The Cyrus Cylinder is one of the most famous objects to have survived from the ancient world. The Cylinder was inscribed in Babylonian cuneiform on the orders of the Persian King Cyrus the Great (559−530BC) after he captured Babylon in 539BC. It is often referred to as the first bill of human rights as it appears to permit freedom of worship throughout the Persian Empire and to allow deported people to return to their homelands. It is valued by people all around the world as a symbol of tolerance and respect for different peoples and different faiths, so much so that a copy of the cylinder is on display in the United Nations building in New York.
This catalogue is being published in conjunction with the first ever tour of the object to the United States, along with sixteen other objects from the British Museum’s collection. The book discusses how these objects demonstrate the innovations initiated by Persian rule in the Ancient Near East (550 BC−331 BC), a prime example being a gold plaque from the Oxus Treasure with the representation of a priest that shows the spread of the Zoroastrian religion. The book offers a new authoritative translation of the Cyrus Cylinder by Irving Finkel and the publication of two fragments of a cuneiform tablet that show how the Cyrus Cylinder was most probably a proclamation and not just a foundation deposit.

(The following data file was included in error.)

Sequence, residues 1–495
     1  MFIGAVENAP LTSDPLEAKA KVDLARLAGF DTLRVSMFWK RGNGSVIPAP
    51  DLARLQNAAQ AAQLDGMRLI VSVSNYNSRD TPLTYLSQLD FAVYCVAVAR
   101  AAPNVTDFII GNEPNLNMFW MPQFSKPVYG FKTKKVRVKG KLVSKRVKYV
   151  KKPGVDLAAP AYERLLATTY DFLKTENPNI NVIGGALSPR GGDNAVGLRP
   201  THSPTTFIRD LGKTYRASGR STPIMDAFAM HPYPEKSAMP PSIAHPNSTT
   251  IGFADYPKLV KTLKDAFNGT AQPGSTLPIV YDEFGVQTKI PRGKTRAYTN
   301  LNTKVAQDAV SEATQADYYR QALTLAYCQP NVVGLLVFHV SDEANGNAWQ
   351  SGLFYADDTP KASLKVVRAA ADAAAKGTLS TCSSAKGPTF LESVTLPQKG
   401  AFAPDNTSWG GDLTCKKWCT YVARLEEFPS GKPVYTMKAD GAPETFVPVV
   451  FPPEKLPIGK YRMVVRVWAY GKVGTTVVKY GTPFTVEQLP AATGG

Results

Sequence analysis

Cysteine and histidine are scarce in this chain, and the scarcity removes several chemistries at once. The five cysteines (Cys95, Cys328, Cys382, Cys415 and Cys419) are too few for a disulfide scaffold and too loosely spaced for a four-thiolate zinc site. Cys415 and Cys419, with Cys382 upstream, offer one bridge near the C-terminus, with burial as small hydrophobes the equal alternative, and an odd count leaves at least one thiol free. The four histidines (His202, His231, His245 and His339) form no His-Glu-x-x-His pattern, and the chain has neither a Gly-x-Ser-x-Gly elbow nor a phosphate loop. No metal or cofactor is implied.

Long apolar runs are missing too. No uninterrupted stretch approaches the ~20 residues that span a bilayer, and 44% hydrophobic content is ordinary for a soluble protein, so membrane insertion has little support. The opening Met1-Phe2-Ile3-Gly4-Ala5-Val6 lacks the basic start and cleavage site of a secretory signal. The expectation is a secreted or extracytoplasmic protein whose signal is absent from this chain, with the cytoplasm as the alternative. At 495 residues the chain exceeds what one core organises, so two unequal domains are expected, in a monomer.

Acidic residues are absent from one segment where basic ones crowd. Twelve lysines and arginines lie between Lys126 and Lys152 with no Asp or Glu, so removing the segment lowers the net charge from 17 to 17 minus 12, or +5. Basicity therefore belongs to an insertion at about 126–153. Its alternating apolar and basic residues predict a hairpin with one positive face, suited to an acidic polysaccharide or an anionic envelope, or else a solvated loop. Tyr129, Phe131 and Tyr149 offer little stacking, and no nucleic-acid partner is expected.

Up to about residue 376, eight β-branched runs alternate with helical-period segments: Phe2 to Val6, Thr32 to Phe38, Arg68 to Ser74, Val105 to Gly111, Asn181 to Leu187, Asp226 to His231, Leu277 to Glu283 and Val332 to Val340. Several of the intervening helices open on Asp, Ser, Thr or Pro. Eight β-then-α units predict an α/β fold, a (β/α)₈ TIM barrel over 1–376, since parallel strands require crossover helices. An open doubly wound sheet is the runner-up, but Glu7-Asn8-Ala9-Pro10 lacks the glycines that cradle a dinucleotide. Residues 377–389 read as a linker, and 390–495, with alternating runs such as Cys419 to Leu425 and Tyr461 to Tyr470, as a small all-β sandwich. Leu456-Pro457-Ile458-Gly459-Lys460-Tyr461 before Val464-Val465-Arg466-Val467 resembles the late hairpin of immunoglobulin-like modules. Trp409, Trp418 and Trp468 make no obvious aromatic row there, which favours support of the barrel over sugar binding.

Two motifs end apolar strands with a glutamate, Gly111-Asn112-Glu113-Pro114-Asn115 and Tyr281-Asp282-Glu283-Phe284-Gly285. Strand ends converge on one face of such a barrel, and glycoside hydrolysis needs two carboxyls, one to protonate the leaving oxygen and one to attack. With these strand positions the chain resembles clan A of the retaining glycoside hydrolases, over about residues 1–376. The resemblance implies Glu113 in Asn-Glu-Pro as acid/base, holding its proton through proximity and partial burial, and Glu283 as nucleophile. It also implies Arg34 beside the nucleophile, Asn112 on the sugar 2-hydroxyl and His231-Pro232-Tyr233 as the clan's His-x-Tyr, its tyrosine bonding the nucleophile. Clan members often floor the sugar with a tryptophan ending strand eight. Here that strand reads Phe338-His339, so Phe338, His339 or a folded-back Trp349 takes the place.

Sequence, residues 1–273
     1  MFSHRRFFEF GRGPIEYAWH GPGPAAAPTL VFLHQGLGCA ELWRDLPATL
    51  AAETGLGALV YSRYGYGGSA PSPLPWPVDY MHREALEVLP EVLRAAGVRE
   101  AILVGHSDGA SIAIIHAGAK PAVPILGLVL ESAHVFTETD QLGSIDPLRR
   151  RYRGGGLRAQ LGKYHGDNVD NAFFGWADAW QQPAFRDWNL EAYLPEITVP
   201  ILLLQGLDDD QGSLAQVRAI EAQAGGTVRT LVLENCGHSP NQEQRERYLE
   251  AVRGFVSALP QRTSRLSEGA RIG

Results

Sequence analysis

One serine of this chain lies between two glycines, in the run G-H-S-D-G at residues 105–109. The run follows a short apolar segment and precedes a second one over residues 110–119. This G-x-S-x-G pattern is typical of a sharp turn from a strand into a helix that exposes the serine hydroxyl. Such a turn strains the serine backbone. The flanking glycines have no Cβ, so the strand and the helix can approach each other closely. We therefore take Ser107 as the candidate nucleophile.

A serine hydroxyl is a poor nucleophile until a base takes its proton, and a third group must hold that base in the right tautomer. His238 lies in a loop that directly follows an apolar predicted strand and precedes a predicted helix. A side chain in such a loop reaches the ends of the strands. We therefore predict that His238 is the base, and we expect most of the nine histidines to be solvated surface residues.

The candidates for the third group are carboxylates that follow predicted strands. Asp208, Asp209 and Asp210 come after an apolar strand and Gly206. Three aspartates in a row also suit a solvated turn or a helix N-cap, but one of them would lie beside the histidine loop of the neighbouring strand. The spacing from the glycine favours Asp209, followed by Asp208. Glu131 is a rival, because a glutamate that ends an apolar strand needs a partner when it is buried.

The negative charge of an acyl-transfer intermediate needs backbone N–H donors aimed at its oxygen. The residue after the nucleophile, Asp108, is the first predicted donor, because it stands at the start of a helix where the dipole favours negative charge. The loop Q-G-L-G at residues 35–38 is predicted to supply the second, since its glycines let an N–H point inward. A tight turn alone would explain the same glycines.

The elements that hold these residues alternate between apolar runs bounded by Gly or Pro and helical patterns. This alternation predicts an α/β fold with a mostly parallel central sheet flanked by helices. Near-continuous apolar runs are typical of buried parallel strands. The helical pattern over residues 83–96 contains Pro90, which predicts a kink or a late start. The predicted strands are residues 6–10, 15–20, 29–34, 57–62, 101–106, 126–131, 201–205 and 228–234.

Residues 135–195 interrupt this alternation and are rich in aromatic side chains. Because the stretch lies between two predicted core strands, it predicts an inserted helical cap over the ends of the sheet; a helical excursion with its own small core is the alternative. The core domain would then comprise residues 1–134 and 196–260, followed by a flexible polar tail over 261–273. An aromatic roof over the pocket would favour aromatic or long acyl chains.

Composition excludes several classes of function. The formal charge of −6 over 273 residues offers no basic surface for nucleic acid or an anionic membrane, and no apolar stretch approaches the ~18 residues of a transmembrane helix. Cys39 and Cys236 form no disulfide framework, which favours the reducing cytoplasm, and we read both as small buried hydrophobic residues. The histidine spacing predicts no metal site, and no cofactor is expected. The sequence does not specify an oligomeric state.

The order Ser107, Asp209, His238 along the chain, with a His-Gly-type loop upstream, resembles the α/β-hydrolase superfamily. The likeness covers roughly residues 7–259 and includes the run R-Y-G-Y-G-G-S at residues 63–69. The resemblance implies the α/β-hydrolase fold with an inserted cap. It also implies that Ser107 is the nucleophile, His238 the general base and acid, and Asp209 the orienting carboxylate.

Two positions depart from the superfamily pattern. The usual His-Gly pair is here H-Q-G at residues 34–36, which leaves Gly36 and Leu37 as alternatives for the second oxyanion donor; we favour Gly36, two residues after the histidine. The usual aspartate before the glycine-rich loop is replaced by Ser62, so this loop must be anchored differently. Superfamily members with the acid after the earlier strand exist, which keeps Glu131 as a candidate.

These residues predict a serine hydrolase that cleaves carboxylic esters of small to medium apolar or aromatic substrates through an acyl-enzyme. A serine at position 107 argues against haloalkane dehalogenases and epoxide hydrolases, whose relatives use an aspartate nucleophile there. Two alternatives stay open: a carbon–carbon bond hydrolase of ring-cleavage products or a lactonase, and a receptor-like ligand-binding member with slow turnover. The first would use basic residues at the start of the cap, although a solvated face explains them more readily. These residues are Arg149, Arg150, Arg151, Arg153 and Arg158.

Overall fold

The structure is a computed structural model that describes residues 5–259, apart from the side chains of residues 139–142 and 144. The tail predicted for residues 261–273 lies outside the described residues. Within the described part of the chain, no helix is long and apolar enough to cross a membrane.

Table of Contents
Introductory essay by Neil MacGregor • Translation of the Cyrus Cylinder by Irving Finkel • Catalogue • 5 contextual chapters (The Origins of the Persians, History of the Persian Empire, The Main Cities of the Persian Empire, The Art and Architecture of the Persian Empire and The Oxus Treasure).